Valuable web resources on general relativity: • David Park, Mathematica notebooks (2005) based on "A short course in general relativity" (Foster/Nightingale)

• See books.google.com or the Springer editor web site for a preview of the above-mentioned textbook.

• Florian Schrack "Gravitation - Theorien, Effekte und Simulation am Computer" (2002)

• Gerard ’t Hooft "Introduction to General Relativity" (2007)

• Matt Visser "Math 464: Notes on Differential Geometry" (2009)

• Matt Visser "Math 465: Notes on General Relativity and Cosmology" (2009)

• Norbert Dragon "Geometrie der Relativitätstheorie" (2011)

• Sean Carroll "Lecture Notes on General Relativity" (1997)

• Tom Marsh "Notes for PX436, General Relativity" (2009)

• Clifford M. Will "The Confrontation between General Relativity and Experiment", Living Rev. Relativity, 9, (2006)

• Neil Ashby "Relativity in the Global Positioning System", Living Rev. Relativity, 6, (2003)

• Wikipedia: "General relativity", "Allgemeine Relativitätstheorie" and links

• General relativity video courses (Charles Bailyn, Alexander Maloney, Lenny Susskind)

Note: è Mathematica by Wolfram Research is a (fabulous) computer algebra system.

è A notebook is an interactive Mathematica document (extension .nb). è Tensorial 3.0 (R. Cabrera, D. Park, J.-F. Gouyet, August 2005) is a general-purpose tensor calculus package for Mathematica Version 4.1 or later.

è TGeneralRelativity1`GeneralRelativity` (D. Park, 29 January 2005) is a subpackage for the Tensorial package that adds routines useful in special and general relativity. (This also automatically loads the regular Tensorial package.)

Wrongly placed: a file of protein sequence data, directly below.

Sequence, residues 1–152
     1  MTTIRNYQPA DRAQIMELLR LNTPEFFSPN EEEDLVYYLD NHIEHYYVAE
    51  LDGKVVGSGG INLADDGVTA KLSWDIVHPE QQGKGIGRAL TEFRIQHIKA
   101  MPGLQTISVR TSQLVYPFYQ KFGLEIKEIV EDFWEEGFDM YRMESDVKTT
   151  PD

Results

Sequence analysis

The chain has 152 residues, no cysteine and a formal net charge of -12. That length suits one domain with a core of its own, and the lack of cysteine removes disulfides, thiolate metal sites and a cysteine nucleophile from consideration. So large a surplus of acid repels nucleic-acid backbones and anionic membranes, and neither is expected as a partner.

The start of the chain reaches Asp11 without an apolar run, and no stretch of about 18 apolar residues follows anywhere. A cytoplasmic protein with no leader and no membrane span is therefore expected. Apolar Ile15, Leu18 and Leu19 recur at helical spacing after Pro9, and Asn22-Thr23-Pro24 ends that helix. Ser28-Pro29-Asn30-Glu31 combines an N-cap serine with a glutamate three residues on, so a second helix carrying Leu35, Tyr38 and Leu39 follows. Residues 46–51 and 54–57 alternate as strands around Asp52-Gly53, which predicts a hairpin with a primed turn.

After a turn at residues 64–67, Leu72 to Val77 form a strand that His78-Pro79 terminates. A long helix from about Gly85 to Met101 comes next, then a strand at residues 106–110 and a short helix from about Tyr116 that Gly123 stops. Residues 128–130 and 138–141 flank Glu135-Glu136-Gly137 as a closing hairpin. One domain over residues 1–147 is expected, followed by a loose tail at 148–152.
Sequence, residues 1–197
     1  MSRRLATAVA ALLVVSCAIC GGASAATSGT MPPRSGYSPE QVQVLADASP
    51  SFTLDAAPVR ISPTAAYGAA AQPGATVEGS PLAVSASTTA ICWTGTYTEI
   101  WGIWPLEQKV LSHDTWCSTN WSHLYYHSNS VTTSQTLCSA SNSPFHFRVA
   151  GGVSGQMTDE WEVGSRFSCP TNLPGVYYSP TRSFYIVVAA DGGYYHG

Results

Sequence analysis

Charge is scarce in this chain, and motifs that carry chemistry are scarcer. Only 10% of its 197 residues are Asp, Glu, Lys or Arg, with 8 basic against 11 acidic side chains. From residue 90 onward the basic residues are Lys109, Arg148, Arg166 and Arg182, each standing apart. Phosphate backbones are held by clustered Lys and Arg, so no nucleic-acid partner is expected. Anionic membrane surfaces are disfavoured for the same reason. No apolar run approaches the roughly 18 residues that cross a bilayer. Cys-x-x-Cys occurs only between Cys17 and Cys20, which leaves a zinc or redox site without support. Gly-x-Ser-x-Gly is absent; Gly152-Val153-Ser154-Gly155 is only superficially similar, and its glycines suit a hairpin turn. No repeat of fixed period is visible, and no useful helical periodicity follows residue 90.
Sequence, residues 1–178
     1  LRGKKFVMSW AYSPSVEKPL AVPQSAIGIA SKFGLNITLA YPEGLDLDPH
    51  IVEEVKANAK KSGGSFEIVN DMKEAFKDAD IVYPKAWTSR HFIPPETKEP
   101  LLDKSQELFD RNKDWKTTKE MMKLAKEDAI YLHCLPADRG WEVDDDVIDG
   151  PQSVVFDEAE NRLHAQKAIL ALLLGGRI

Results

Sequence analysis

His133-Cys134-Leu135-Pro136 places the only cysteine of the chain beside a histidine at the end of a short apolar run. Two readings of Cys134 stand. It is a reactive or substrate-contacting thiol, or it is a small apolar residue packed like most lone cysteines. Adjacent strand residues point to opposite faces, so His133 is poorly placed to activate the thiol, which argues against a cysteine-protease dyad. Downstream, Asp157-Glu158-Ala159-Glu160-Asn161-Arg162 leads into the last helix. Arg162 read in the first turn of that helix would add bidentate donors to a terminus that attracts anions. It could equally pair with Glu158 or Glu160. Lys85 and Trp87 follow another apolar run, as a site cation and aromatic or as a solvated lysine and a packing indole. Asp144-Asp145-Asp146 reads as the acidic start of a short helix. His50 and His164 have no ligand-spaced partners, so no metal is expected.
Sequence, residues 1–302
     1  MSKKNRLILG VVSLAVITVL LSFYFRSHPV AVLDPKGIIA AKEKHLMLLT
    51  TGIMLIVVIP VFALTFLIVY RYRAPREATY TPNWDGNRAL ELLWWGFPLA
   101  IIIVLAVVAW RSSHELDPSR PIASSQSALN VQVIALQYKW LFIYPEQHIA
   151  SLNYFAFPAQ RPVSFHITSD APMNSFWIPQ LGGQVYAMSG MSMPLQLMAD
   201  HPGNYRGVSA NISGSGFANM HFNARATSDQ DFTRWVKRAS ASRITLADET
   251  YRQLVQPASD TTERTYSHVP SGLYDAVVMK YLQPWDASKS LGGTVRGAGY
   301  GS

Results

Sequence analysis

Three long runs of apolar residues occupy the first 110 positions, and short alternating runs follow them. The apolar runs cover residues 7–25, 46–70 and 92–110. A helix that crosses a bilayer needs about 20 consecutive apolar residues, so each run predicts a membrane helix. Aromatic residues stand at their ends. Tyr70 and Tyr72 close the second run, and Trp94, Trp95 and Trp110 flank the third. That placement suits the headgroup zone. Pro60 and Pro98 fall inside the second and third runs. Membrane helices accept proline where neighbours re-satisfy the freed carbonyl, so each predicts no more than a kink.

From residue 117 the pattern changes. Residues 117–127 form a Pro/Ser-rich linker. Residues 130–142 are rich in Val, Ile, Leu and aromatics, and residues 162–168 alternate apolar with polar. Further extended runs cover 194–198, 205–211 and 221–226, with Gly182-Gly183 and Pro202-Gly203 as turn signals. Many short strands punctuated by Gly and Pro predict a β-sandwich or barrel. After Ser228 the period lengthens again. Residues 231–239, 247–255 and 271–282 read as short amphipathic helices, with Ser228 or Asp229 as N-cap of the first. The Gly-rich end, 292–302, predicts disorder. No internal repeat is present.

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B) HELP

(Extracted from the Tensorial package help.)

{x,∆,g,G} are the standard set of tensor labels used in all Tensorial derivative routines. They tell the routines which labels

will be considered to represent the coordinates x, Kronecker ∆, metric tensor g and Christoffel symbol G.

DeclareBaseIndices[{index..}] declares the base indices for the underlying linear space.

DeclareIndexFlavor[{flavorname,flavorform}...] will add the index flavors to the IndexFlavors list and establish

the Format for displaying indices with the given flavor name.

ToArrayValues[baseindices][expr] will convert the expression to a vector, matrix or array by expansion and substitu-

tion of any stored values.

EvaluateDotProducts[e,g,metricsimplify:True][expr] expands Dot products of vectors expressed in a given basis

e using the metric tensor g. Metric simplification is performed if the default argument metricsimplify is True.

LinearBreakout[f1,f2,...][v1,v2,...][expr] will break out the linear terms of any expressions within expr that

have heads matching the patterns fi over variables matching the patterns vj.

SetMetricValues[g,metricmatrix,flavor:Identity] creates value definitions for the up and down forms of the

metric tensor using the label g and a metric matrix.

CoordinateToTensors[{r,Θ,Φ...},coord:x,flavor:Identity][expr] will convert the coordinate symbols in the

expression to the corresponding indexed tensors. The optional arguments coord and flavor give the coordinate label and index

flavor to use. Their default values are x and plain. General_relativity.nb 2

CoordinateToTensors[{r,Θ,Φ...},coord:x,flavor:Identity][expr] will convert the coordinate symbols in the

expression to the corresponding indexed tensors. The optional arguments coord and flavor give the coordinate label and index

flavor to use. Their default values are x and plain.

SetChristoffelValueRules[xu[i,metricmatrix,G,simplification:Identity] calculates and stores substitution

rules for the Christoffel values of Gudd[i,j,k] and Gddd[i,j,k] from the values of metricmatrix and the xu[i] vector pattern.

SelectedTensorRules[label,pattern] will select the rules for label whose right hand sides are nonzero and whose left

hand sides match the pattern.

SimplifyTensorSum[expr] will check that all terms in a tensor sum have valid indices,that the free indices are the same in

all terms,and will simplify the sum by matching dummy indices in all terms that have the same index structure.

ExpandCovariantD[{x,∆,g,G},a][expr] will expand first order covariant derivatives of tensors using x as the label for

the coordinates, ∆ as the label for the Kronecker, g as the label for the metric tensor and G as the label for Christoffel symbols.

The introduced dummy index will be a.